When it comes to wine, Monterey has euro chic
In 1919, Charles Tamm came upon remote hills in Monterey County that reminded him of his homeland in Burgundy, France. Homesick, he planted his French grape seeds in what he guessed, rightly, was similarly volcanic soil. Today, the Chalone Vineyard still grows grapes on those original vines, producing wines with the terroir of their ancestral lands. When Chalone brought its Chardonnay to the 1976 Judgment of Paris for a blind tasting, it beat its French competitors.
To visit Chalone’s tasting room is both to connect to that past – to drink the wine of those 100-year-old grapes – and to participate in the future of winemaking. As I learned on a recent trip to Monterey’s wine region, Chalone radically overhauled its process for making Pinot Noirs in 2016. It eliminated any maceration – a bold move in the wine world – to create a Pinot with less tannin and more acid that it expects to age beautifully. The process is far from settled, though, and I had the chance to eavesdrop on their ongoing debate.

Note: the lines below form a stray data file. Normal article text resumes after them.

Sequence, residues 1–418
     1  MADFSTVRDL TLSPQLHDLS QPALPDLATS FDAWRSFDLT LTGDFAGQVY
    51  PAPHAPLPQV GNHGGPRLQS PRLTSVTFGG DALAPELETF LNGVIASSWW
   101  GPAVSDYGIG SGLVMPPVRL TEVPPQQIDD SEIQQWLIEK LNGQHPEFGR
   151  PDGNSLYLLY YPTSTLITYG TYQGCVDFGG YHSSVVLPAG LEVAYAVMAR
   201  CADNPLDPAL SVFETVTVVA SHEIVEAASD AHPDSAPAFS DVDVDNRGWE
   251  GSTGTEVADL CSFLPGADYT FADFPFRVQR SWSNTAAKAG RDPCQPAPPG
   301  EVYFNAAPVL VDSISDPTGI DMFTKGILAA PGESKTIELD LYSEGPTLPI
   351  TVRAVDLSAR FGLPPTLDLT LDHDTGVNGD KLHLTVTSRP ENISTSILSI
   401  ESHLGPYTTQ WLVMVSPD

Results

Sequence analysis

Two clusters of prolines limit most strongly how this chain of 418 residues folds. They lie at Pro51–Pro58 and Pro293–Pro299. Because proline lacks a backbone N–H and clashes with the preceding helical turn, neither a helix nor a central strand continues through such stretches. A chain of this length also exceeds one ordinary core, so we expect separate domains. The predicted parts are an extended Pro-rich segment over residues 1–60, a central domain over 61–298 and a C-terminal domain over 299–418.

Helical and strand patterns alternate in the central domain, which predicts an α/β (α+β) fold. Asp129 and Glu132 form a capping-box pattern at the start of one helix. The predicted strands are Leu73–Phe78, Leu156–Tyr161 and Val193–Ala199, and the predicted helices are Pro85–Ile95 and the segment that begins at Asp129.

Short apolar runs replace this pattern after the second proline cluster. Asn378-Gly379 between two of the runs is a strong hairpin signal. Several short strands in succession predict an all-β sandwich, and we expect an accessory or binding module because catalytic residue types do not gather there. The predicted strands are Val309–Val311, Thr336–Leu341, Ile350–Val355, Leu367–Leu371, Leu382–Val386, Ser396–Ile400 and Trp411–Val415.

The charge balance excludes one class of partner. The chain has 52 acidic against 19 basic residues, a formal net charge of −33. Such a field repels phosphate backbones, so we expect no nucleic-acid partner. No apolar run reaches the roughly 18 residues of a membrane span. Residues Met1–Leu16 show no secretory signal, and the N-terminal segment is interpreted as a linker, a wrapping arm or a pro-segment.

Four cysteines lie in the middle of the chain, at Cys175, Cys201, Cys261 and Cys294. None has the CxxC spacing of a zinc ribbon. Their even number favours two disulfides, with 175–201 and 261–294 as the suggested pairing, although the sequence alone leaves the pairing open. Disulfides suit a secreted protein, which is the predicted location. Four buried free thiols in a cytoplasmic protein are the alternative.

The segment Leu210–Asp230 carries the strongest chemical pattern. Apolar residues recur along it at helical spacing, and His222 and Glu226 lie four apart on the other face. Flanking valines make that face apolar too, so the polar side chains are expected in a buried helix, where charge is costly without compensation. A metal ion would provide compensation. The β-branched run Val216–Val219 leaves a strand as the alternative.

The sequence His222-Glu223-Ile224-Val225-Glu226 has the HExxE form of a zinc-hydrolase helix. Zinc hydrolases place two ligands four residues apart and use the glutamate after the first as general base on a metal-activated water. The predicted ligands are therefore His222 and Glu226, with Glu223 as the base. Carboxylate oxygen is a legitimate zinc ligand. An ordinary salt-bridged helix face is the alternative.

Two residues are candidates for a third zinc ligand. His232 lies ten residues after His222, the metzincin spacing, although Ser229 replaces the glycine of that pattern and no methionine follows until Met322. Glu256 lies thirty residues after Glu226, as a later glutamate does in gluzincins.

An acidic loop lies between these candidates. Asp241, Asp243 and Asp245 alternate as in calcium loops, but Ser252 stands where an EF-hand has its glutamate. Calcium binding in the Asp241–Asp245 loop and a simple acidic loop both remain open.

Chalone Peak Vineyard